Collar Counties 101: DuPage, Lake, Kane, McHenry, & Will

Collar Counties 101: DuPage, Lake, Kane, McHenry, & Will

DuPage, Lake, Kane, McHenry, and Will Counties are known as the collar counties because they encircle Cook County, forming a so-called “collar”.

Each of these counties has a Chief County Assessor’s Office, as well as an assessor for each township.

Collar counties also have their own reassessment timeline that differ from Cook County’s triennial schedule. In the collar counties, reassessment occurs every four years.

The Assessor’s Office is responsible for estimating the market value of each parcel of property within county limits. Then they apply an assessment percentage to their value to calculate the assessment.

In Collar counties, all properties are assessed at 1/3 of their estimated market value. An increased assessment will directly impact property tax expenses. A larger assessment means a more expensive real estate tax bill.

Some cities are split between Cook County and a Collar County. For example, if you live in Barrington, IL, your assessment could be different from your neighbor’s assessment. It depends on whether your property is on located in the Lake County side or the Cook County side of Barrington.

Can I contest my assessment?

Yes. It doesn’t matter if your tax bill increased, decreased, or remained the same. You can challenge the amount of the assessment the tax bill is based on.

Success of a tax appeal depends on several factors. The market value estimate that an Assessor assigns to a property cannot exceed its actual market value. If an appraisal or recent sale price demonstrates that the actual value is lower than the assessed value, the taxpayer should be able to obtain a reduction.

Assessments must also follow the rule of uniformity where comparable properties should have comparable assessments. If the property owner can demonstrate that similar properties have lower assessments, then the assessment is in violation of the rule of uniformity and can be reduced.

What is the property tax appeal process?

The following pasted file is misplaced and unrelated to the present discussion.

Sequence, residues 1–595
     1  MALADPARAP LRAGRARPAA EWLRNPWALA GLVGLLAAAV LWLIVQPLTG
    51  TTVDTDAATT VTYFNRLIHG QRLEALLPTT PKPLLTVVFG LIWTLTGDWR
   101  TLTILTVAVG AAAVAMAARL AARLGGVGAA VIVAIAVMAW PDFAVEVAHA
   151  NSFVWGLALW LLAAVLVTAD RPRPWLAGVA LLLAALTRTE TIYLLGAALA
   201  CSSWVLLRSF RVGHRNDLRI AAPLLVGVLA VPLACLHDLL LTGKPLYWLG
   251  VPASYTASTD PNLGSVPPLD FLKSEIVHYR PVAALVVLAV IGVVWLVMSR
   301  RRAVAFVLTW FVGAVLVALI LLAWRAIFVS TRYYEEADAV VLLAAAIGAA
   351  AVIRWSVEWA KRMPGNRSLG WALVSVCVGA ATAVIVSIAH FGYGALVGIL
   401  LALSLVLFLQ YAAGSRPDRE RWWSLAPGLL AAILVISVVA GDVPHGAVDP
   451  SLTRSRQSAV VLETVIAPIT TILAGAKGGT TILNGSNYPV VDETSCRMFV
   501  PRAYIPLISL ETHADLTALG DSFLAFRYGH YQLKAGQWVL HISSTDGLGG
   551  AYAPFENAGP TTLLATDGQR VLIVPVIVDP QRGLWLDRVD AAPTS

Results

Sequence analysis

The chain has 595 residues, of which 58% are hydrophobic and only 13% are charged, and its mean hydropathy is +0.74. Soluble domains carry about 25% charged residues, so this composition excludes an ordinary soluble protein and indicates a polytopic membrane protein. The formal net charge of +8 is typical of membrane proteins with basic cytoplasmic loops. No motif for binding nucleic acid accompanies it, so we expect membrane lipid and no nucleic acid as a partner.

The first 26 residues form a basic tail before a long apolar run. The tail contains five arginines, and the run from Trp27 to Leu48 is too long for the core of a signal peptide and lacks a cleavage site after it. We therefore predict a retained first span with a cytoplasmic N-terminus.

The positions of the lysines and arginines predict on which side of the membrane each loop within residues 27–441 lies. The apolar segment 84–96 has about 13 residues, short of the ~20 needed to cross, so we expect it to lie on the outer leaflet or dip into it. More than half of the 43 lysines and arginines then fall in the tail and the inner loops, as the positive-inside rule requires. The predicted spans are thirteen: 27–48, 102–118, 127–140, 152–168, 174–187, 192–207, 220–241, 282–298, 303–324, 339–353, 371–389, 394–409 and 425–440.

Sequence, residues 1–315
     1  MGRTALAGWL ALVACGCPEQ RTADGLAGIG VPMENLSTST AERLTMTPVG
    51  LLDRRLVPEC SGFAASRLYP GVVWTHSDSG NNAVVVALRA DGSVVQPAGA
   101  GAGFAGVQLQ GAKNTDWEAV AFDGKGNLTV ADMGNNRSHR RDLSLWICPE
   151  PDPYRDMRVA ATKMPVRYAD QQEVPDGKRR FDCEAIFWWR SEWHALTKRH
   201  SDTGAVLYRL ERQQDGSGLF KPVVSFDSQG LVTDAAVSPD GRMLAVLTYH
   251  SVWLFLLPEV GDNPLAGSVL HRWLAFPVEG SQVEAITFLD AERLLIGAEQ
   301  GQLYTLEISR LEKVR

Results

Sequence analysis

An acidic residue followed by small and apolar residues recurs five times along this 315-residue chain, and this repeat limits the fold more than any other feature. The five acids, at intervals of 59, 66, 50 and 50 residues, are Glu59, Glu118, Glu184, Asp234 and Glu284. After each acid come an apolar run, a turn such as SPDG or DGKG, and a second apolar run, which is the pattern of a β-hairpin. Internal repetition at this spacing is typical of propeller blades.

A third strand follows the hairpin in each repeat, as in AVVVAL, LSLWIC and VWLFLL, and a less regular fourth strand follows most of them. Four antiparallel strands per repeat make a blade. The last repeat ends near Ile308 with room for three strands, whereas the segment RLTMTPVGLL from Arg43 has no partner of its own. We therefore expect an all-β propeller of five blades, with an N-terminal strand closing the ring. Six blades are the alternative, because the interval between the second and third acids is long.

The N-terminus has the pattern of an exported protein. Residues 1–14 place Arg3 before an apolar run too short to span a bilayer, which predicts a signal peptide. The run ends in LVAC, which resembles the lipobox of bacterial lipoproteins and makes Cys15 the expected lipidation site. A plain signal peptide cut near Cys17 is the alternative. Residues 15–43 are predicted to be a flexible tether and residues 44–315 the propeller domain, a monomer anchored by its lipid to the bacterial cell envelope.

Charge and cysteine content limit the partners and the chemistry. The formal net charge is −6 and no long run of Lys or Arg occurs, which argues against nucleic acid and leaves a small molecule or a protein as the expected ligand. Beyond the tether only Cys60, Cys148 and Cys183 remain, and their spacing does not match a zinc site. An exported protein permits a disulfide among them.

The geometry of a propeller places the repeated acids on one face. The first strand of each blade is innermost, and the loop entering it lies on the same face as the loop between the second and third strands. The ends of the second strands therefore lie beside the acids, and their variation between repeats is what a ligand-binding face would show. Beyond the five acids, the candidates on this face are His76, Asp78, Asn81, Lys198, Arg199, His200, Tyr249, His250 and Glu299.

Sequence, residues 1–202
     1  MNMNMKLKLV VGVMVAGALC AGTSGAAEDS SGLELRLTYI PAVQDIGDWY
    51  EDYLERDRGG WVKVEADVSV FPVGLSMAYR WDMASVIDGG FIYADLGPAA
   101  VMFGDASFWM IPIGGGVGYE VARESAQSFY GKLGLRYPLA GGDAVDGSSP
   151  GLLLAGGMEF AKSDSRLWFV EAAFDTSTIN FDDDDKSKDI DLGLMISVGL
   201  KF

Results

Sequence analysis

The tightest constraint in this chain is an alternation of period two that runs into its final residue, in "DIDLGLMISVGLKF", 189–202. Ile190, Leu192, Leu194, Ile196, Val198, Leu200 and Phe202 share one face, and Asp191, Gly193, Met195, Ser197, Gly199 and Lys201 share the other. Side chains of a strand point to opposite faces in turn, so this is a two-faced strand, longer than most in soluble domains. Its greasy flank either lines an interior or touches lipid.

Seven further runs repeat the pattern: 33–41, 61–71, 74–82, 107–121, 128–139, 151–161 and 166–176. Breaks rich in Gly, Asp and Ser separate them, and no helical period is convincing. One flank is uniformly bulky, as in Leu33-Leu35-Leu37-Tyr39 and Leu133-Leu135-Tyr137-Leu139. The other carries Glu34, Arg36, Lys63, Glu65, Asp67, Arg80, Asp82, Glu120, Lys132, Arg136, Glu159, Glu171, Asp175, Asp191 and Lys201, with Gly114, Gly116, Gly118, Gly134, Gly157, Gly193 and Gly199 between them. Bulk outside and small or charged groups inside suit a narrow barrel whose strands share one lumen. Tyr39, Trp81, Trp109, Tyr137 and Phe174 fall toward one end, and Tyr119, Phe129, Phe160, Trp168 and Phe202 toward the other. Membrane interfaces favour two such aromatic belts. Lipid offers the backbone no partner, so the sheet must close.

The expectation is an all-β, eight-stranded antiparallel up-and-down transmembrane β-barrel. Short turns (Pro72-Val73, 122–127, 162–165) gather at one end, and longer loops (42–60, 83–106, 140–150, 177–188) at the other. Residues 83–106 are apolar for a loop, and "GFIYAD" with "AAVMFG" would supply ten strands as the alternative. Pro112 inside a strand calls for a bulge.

Deadlines, complaint forms, evidence, and rules of practice can vary in DuPage, Lake, Kane, McHenry, and Will Counties. You should contact the respective collar county assessor’s office to make sure you have all the information you need.

Appeals can become complicated and involve multiple levels of review. Documentation and data must be prepared and filed before specific county deadlines to substantiate the appeal.

Some of the information you may need to obtain and provide in a formal appeal can include:

  • Property record cards
  • Evidence of unfair assessment
  • Property photographs
  • Property appraisal
  • Evidence of Recent sales of comparable properties
  • Fair market value details
  • Prevailing assessment levels in the respective district

Due to all the formal guidelines that must be followed, some collar county homeowners hire a tax attorney to represent them in the process.

Property taxes unappealing…we can help!

Appealing your property taxes is one way to ensure that the amount you pay is fair whether you live in Cook County or any of the collar counties of DuPage, Lake, Kane, McHenry, and Will.

At present, Illinois is second only to New Jersey with the highest effective property tax rates in the United States. Cook County residents saw a 10% increase to the average 2017 property tax bill with suburban tax increases coming in as high as 6.5%. 2018 also saw property tax increases throughout the Chicagoland area.

Staying on top of your assessment notices and researching local appeal procedures can help homeowners avoid being overburdened with property taxes.

Appeal.Tax can prepare your property tax appeal and handle it from start to finish. There is no fee unless a reduction is obtained. And we only charge a small portion of the overall tax savings secured. 

Since 2015, we’ve saved Illinois property owners over $100 million in reduced property taxes.

Contact Appeal.Tax today to discuss your Association, residential, or commercial property tax appeal. Tax Attorney Timothy Jacobs can be reached at 847-777-7270 or tjacobs@ksnlaw.com.

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